The poker game lasted eight whole years, from 1881 to 1889. By the time it was done, upwards of $10 million had crossed the table!
Seafood, bowling, a swimming pool, what else could possibly have been brought out into the desert? Well, how about ice cream! As you can imagine, the baking Arizona sun made Tombstone's ice cream parlor extremely popular. In fact, Wyatt Earp had something of a sweet tooth, and he was one of the establishment's best customers.
Unsurprisingly, Tombstone has long been embedded in American pop culture. Many films have been set in this Wild West institution, particularly to relive the events surrounding the Cowboy-Earp feud. These films include Gunfight at the O.K. Corral, Wyatt Earp, Hour of the Gun, and of course, Tombstone.
In March 1881, a stagecoach left Tombstone carrying silver bullion worth around $26,000 (nowadays, it’d be worth around $700,000). It never made it to its destination. Three Cowboys attacked the coach en route. Eli “Budd” Philpot, the driver, and a passenger named Peter Roerig were both shot to death. When Deputy US Marshal Virgil Earp found out about the robbery, he and his brothers sought those responsible, putting the Earps on a collision course with the Cowboys.
The silver mining boom that helped found Tombstone was over far more quickly than anyone could have predicted. As early as 1880, water began leaking into the mines. Although work was able to continue for a time, the silver ore deposits were flooded by 1882.
Despite the flooding of the mines, the mining companies and the residents of Tombstone weren’t ready to give up. Cornish engines were brought in to pump the water out of the mines and make them workable again. By 1884, a total of 576,000 gallons of water were being pumped out of the mines every 24 hours! This continued until the pumping plant burned down in 1886.
The damage was irreparable, and the declining cost of silver meant that the mining never reached its heyday levels again.
The feud between the Earps and the Cochise County Cowboys came to a head on October 26, 1881. The night before, Doc Holliday (a friend to the Earps) and Ike Clanton had had a run-in, which Wyatt broke up by taking Holliday back to his room. Virgil Earp played poker with Clanton, Johnny Behan, and a Cowboy named Tom McLaury until dawn, then he also went to get some rest.
Clanton wasn't done yet though—he continued drinking into the morning, making loud threats against Holliday and the Earps.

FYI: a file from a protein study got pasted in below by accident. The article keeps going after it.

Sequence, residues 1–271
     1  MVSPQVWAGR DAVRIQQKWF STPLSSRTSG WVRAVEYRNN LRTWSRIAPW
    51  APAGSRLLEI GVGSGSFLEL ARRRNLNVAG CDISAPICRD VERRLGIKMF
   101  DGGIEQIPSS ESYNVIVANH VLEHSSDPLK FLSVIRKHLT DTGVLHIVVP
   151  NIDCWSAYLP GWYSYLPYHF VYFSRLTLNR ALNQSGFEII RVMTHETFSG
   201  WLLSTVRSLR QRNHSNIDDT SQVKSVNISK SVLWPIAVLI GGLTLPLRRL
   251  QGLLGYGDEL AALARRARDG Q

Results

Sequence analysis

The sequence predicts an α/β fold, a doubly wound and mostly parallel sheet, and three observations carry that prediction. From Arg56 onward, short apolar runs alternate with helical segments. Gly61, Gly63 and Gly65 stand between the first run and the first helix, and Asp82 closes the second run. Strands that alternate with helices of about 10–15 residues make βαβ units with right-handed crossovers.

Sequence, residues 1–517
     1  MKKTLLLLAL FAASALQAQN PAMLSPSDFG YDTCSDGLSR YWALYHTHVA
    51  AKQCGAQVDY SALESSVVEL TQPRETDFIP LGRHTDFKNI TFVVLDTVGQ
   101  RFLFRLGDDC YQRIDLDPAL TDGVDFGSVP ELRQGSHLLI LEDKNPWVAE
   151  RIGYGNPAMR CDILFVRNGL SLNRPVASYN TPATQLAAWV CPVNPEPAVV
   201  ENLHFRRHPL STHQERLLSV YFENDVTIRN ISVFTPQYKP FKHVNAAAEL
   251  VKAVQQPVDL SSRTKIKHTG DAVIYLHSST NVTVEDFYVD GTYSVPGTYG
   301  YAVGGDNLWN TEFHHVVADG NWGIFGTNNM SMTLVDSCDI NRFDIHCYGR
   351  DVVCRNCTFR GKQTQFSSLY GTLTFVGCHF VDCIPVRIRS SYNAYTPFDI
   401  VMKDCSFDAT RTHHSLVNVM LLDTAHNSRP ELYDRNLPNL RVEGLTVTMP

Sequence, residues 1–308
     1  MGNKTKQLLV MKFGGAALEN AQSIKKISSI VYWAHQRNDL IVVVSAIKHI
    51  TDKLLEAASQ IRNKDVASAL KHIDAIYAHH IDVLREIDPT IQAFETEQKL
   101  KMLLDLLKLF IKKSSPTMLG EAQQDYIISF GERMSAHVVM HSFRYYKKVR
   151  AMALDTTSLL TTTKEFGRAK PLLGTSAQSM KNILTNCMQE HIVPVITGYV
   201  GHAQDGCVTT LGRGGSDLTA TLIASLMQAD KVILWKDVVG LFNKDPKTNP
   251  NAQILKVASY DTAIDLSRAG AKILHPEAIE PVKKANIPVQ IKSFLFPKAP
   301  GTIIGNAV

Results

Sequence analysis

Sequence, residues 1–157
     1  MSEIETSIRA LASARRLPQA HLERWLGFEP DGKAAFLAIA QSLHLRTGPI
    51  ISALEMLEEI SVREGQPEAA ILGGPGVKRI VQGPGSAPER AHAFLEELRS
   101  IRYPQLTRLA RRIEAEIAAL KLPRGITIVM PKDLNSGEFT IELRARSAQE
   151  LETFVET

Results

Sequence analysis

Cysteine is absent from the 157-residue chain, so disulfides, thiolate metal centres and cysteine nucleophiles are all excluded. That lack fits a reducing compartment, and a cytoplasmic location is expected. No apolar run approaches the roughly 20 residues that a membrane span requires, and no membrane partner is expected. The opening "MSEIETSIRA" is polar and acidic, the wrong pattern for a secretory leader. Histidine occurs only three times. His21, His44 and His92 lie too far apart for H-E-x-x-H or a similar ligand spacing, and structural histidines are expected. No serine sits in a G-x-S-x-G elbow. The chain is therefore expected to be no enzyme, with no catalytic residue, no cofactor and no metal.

At 1 PM, Virgil and Morgan Earp heard about Ike Clanton’s threats and arrested him with a swift pistol whip to his head. While Clanton was taken to court that same afternoon, his friend Tom McLaury confronted Wyatt Earp while allegedly carrying his own weapon. Just like his brothers, Wyatt resorted to a pistol-whipping McLaury into submission.
After these violent altercations, Ike Clanton and Tom McLaury met up with Frank McLaury, Billy Clanton, Wes Fuller, and Billy Claiborne. The men were armed, and allegedly making threats against the Earps. Sheriff Johnny Behan offered to disarm them, but the Cowboys refused to give up their weapons unless the Earps were also disarmed. Fed up, Virgil led Morgan Earp, Wyatt Earp, and Doc Holliday to the O.K. Corral to disarm the Cowboys themselves.
As could be expected, both sides gave different accounts of what exactly went down at the O.K. Corral. We don't know which side opened fire first, but we do know the end result. Ike Clanton, Billy Claiborne, and Wes Fuller all fled the fight, while Billy Clanton and the McLaury brothers were shot to death. Billy was just 19 years old. Meanwhile, Wyatt Earp walked away unscathed, and the rest of his posse suffered minor injuries.
People have debated whether it was murder or lawful defense of their lives ever since. We'll probably never know, but one thing is for sure: the Gunfight at the O.K. Corral put Tombstone on the map forever.
In case you’re wondering what happened to Old Man Clanton and his remaining sons, we’re happy to tell you. Two months before the O.K. Corral, Federales ambushed Old Man Clanton while he was herding stolen cattle in Mexico. Clanton was shot dead while cooking breakfast, collapsing into his own cookfire.
Ike was the lucky one of the bunch, as he managed to survive both the O.K. Corral and the Earp Vendetta Ride, but the reaper finally caught up to him in 1887. While stealing cattle, a constable confronted him and he was shot while trying to resist arrest.
Johnny Ringo was among the Cowboys who joined Sheriff Johnny Behan’s posse to apprehend the Earps and their allies after the O.K. Corral. However, contrary to what the movies often show, Ringo wasn't leading the posse, nor did he die in a shootout. In fact, his demise remains a mystery to this day. On July 14, 1882, Ringo’s lifeless body was found against a tree trunk in Arizona territory with a bullet hole in his temple.
The case was ruled a suicide and he was buried not far from where he was found.